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Results Found (129), Result Page (1 of 26)
Search Aspect ( bath )
Location - Leeds & District

[1]
148 High Street (Yeadon)
Black & White image1955. Property acquired by the Aireborough Urban District Council under the 1949 Housing Act for improvement. Bathroom with replastered walls, high toilet cistern with chain to flush, washbasin with hot and cold taps. Window with frosted glass.
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[2]
Albert Grove (Little London) (2 comments)
Black & White image13th May 1950. Looking south west from the corner with Leeds Terrace this view shows three brick buildings. The end one with the slate roof is a derelict stable, the middle one a dwelling house and the building with the shaped gable end was the Jewish Municipal Public Baths. In the background is a brick terrace with arched windows on the first floor and ogee gabled dormers at roof level.
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[3]
Albert Grove, Jewish Baths (Mikvah) (Little London) (1 comment)
Black & White image1956, Leeds Terrace is on the left, Albert Grove to the right. On the junction is the Jewish Women's Public Baths and two Mikvah baths. These resembled wide mouthed wells and were used for ritual cleansing observance. These were later leased by the Jewish community who took responsibility for them. The cost of the land and building was £2,400, the baths opened in October 1905. In 1909/10 there were on average 800 attendances a month by 1957 it was less than 40 a month. By then the building was in a poor state of repair and the area had generally deteriorated. The Jewish population had on the whole moved to areas in North Leeds. The Albert Grove baths closed finally on 5th January 1968. A new Mikvah was opened in November 1994 at the Etz Chaim Synagogue in Moortown.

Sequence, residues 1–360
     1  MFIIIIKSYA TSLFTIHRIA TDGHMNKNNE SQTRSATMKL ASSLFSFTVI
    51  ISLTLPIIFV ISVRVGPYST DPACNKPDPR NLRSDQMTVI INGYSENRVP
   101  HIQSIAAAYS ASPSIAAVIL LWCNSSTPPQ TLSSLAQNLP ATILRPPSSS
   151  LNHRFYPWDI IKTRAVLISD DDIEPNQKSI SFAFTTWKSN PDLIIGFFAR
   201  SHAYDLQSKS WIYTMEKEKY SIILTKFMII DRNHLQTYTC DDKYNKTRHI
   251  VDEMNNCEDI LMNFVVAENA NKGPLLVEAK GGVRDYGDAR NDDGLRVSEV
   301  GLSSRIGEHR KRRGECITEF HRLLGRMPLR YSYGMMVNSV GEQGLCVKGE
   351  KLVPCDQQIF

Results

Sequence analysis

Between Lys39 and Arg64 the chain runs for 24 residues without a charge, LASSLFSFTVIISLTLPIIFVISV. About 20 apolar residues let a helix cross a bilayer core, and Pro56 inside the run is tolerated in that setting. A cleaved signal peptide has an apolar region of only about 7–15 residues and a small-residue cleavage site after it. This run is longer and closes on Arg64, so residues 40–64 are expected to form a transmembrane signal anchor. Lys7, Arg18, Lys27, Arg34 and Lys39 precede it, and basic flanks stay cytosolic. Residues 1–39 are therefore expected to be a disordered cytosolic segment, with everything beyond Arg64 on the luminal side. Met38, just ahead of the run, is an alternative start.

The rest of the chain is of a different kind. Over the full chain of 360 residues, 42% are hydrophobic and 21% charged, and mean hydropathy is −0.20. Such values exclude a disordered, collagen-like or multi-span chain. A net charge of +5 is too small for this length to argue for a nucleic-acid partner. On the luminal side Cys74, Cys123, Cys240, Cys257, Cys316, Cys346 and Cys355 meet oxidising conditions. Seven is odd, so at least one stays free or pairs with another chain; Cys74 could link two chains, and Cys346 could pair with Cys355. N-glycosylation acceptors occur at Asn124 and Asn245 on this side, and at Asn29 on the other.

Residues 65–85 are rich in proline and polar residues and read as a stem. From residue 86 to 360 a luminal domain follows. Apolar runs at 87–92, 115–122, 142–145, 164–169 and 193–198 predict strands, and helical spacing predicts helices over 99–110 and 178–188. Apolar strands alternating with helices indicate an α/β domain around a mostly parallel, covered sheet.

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[4]
Albert Grove, Jewish Baths (Mikvah) (Little London)
Black & White image1956, The Jewish Community in Leeds began to be established around 1840, as the population grew provision was made for their religious needs. One of the obligations of a woman is cleansing herself at the Mikvah to obey the laws of family purity. As the Jewish community grew, the North Street/Camp Road area (in addition to the Leylands) became home to many. Building a Jewish Women's Public Baths in this area provided a necessary facility for many residents.
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[5]
Bath Avenue at the junction with Cross Bath Road showing numbers 17 and 21 (Bramley)
Black & White imageUndated View of brick built, back-to-back terraced houses in Bath Avenue numbered, from left to right, 17 to 21. The junction with Cross Bath Road can be seen, bottom left.
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